Three immigrant mothers held at a Texas detention facility filed a lawsuit Thursday alleging that they were held in isolation in retaliation for their hunger strike to protest their detention and conditions at the center.
The three women, who are from Latin America and seeking asylum, are part of a class-action complaint filed against U.S. Immigration and Customs Enforcement officials and the private operator of the facility in Karnes City, southeast of San Antonio. The women say they were kept in isolation in the center’s medical area.
ICE officials said Wednesday during a tour of the facility that women and children were never held in isolation within the medical area and that isolation is never used as a form of punishment there. The officials also denied that the women held a hunger strike, meaning missing nine consecutive meals.
On Wednesday, the facility housed 183 women and children, mostly from Central America who crossed U.S.-Mexico border illegally. Children could be seen dangling from a playground, receiving lessons in a classroom and eating lunch in the cafeteria.
Tens of thousands of Central American migrants crossed the U.S.-Mexico border last summer, most of them mothers with children and unaccompanied minors.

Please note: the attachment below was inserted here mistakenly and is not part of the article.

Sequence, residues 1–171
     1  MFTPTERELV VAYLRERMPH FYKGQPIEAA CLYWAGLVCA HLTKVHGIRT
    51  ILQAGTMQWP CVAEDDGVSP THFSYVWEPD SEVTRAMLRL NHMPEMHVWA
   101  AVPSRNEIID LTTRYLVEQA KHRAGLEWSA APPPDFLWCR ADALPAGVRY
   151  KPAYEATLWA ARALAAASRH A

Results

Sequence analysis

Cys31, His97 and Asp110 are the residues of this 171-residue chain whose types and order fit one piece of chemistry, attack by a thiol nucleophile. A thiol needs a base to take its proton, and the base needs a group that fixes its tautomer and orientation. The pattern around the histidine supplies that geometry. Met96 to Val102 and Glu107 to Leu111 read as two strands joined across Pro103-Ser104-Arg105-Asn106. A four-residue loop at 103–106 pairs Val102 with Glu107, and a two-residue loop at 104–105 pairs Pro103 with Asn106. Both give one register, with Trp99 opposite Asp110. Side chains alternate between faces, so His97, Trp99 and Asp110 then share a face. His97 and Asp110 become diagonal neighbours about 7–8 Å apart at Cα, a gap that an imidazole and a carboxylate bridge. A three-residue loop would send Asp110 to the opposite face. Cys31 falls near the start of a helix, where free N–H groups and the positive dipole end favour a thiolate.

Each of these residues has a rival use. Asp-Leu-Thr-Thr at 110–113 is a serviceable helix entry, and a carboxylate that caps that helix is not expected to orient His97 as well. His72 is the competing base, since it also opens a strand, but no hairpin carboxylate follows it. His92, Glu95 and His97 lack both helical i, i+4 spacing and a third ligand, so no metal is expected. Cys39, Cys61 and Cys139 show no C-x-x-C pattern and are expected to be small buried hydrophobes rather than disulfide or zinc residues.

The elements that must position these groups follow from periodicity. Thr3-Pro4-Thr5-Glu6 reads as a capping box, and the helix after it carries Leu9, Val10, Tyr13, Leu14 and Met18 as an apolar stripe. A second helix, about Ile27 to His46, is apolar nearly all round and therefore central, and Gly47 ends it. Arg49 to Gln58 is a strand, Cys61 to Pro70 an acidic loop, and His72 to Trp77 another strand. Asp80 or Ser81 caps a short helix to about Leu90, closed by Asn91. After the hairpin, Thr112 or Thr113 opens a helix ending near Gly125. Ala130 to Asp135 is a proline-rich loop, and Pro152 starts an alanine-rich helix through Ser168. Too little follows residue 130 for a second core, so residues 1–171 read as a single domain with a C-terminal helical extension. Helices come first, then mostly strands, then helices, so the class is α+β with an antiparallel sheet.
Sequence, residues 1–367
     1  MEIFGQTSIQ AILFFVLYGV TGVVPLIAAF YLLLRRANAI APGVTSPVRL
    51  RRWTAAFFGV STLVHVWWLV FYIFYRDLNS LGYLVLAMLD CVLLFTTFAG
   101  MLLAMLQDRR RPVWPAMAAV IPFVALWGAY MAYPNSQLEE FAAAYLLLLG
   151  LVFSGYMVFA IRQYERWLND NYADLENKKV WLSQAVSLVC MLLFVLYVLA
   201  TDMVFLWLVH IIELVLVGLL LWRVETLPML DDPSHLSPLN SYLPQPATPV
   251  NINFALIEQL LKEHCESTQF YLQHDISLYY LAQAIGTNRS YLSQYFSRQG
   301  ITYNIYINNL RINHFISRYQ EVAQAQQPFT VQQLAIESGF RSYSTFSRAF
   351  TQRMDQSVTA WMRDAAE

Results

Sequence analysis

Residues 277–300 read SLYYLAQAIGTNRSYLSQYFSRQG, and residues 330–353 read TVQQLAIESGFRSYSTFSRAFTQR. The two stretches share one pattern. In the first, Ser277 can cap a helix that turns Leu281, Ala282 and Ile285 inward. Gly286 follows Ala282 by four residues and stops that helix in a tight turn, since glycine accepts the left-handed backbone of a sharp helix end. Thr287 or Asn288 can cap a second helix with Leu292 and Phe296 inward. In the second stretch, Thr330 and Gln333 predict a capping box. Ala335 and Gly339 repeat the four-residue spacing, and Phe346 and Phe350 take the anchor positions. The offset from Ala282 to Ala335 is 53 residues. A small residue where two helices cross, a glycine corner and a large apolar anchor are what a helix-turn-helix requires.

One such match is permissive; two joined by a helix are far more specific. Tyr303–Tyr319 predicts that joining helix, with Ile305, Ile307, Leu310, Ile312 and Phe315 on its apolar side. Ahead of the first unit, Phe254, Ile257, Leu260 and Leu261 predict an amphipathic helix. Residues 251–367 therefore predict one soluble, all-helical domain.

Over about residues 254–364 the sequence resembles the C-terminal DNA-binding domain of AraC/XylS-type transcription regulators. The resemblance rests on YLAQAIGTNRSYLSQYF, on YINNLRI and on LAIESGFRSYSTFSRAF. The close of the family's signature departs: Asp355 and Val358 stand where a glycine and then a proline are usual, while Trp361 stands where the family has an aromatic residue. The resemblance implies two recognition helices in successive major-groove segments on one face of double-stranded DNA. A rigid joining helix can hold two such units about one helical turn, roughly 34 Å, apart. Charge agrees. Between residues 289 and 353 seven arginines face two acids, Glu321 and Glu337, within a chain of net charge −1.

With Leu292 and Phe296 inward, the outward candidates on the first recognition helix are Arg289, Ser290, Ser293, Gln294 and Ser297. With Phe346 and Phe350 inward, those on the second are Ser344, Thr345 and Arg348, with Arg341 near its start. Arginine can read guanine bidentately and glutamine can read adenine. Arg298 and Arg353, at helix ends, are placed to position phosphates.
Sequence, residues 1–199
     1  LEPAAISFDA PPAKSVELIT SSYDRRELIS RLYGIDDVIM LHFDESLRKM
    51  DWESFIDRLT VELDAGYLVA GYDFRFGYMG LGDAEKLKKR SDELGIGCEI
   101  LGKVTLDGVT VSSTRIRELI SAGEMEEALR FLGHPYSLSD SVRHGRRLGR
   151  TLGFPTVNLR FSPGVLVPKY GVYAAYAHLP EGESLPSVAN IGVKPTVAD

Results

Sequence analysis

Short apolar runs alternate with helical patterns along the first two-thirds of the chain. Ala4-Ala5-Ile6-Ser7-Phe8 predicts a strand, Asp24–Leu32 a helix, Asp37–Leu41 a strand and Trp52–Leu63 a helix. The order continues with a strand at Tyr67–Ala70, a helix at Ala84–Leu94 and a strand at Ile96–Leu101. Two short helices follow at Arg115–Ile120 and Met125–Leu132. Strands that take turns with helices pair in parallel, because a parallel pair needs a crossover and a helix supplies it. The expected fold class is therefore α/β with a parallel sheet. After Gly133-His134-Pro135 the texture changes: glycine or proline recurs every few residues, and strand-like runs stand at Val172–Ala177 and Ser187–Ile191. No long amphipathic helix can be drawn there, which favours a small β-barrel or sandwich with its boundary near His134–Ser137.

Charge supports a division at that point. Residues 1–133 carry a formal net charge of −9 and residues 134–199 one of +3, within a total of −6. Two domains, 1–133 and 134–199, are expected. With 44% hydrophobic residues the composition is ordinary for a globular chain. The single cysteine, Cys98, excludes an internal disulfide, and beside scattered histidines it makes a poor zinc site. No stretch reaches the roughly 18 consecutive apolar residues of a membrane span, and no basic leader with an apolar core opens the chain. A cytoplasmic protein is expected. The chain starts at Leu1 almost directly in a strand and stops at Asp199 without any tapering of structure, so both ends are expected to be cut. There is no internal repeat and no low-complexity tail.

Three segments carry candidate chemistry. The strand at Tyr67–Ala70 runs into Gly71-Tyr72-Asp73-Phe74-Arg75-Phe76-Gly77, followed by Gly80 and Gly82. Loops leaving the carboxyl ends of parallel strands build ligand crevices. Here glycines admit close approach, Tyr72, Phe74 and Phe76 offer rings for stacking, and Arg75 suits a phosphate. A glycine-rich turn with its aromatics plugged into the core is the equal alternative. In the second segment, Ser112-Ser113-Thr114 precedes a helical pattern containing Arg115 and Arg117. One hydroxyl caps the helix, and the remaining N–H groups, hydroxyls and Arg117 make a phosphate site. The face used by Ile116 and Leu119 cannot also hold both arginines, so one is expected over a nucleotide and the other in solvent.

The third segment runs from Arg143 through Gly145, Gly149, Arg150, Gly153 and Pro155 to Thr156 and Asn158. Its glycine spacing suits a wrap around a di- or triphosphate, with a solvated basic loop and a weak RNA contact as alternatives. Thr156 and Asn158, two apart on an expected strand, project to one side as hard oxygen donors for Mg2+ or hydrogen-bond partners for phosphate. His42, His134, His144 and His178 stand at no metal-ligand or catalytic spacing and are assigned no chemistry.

According to the lawsuit, in late March about 80 mothers decided to protest their detention through a hunger strike and circulated a petition to do so during Holy Week. ICE officials threatened to separate the women from their children and “accused them of being bad mothers because they were not feeding their children,” the lawsuit states. Two of the women who are part of the lawsuit allege that they were placed in rooms that could be unlocked only from the outside and that they were interrogated by officials.
The lawsuit seeks a court order directing ICE and the prison operator, The GEO Group, to stop retaliatory practices and allow the women to protest peacefully.
ICE has said in a previous statement that the agency “fully respects the rights of all people to voice their opinion without interference, and all detainees, including those in family residential facilities such as Karnes, are permitted to do so.”